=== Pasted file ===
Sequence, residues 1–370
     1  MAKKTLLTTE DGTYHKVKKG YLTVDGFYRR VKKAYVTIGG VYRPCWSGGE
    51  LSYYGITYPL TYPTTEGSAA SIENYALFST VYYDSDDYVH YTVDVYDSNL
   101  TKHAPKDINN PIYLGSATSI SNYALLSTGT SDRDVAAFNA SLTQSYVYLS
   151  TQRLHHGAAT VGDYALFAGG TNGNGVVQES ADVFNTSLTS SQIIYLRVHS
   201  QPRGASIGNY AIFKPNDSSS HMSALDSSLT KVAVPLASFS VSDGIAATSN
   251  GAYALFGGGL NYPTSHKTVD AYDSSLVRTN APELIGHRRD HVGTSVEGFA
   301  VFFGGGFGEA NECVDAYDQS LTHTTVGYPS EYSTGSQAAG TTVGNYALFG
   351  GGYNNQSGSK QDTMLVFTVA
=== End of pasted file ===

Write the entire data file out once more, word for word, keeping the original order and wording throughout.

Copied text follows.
Sequence, residues 1–370
     1  MAKKTLLTTE DGTYHKVKKG YLTVDGFYRR VKKAYVTIGG VYRPCWSGGE
    51  LSYYGITYPL TYPTTEGSAA SIENYALFST VYYDSDDYVH YTVDVYDSNL
   101  TKHAPKDINN PIYLGSATSI SNYALLSTGT SDRDVAAFNA SLTQSYVYLS
   151  TQRLHHGAAT VGDYALFAGG TNGNGVVQES ADVFNTSLTS SQIIYLRVHS
   201  QPRGASIGNY AIFKPNDSSS HMSALDSSLT KVAVPLASFS VSDGIAATSN
   251  GAYALFGGGL NYPTSHKTVD AYDSSLVRTN APELIGHRRD HVGTSVEGFA
   301  VFFGGGFGEA NECVDAYDQS LTHTTVGYPS EYSTGSQAAG TTVGNYALFG
   351  GGYNNQSGSK QDTMLVFTVA